New Hope for CRPS Patients
There is growing interest in the use of immunomodulators for the treatment of complex regional pain syndrome (CRPS), reported researchers from the Walton Centre NHS Foundation Trust, in Liverpool, England.1
Although the etiology of CRPS is unknown, there is evidence of immune activation in the affected limb, the peripheral blood, and cerebrospinal fluid. The researchers, led by Andreas Goebel, MD, PhD, have hypothesized that modulating the immune system may alleviate CRPS. In fact, a previous study has found that low-dose intravenous immunoglobulin (IVIG, 0.5 g/kg) reduced pain intensity by ≥30% in approximately 50% of CRPS patients.2
The researchers wanted to see if repeated subcutaneous administration of immunoglobulin (SCIG)—which could be performed at home—was as effective as IVIG. Three patients (2 women) who had previously responded to IVIG were recruited for the prospective study. Each patient received a single dose of IVIG (1 g/kg in Patient 1; 0.5 g/kg in Patients 2 and 3). Patient 1 and 3 achieved >45% pain reduction, and were continued on the study, which included self-administering SCIG weekly at home. For Patient 1, the initial SCIG was 1 g/kg/month; reduced to 0.5 g/kg/month at 6 months; and 0.25 g/kg/month at 9 months until 12 months. Patient 3 started at 0.5 g/kg/month for 3.5 months. The patients evaluated their pain and sleep quality daily, and quality of life and function monthly over the course of the study.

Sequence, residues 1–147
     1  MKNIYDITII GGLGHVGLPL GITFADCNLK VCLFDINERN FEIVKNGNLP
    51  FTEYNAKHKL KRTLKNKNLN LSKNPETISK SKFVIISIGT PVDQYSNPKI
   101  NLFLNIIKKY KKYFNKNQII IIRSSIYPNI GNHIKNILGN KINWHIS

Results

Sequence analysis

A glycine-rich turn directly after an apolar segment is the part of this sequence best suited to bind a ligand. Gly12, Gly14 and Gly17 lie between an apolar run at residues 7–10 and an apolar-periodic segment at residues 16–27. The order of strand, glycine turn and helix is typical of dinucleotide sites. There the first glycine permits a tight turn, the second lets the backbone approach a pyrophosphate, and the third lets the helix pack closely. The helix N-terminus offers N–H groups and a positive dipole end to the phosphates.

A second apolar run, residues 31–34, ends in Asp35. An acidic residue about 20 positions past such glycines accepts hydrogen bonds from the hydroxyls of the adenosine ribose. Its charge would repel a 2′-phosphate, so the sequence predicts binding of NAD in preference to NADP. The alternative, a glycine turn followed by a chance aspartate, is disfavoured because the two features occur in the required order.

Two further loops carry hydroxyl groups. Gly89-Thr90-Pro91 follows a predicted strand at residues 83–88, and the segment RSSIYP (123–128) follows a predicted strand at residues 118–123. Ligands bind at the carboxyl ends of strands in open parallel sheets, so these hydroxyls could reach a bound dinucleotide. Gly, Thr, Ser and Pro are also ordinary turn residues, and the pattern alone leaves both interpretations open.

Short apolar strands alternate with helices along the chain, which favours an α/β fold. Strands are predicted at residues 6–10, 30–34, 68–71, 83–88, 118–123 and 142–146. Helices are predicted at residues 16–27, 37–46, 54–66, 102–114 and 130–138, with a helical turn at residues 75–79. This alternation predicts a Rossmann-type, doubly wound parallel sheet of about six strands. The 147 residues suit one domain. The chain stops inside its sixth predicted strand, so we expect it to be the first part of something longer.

The results of the study found that both Patient 1 and 3 reported sustained and stable pain reduction of >70% over their study periods, and also reported improved quality of life and function. The authors concluded that low-dose SCIG, administered at home, may be a viable option for current IVIG responders.
- Poole H, Frank B, Maciver K, et al. Managing pain in CRPS: a case series examining the effects of repeated dose subcutaneous immunoglobulin. J Pain. 2012;13(4):S28 (abstract #209).
- Goebel A, Baranowski A, Maurer K, et al. Intravenous immunoglobulin treatment of the complex regional pain syndrome: a randomized trial. Ann Intern Med. 2010;152(3):152-158.
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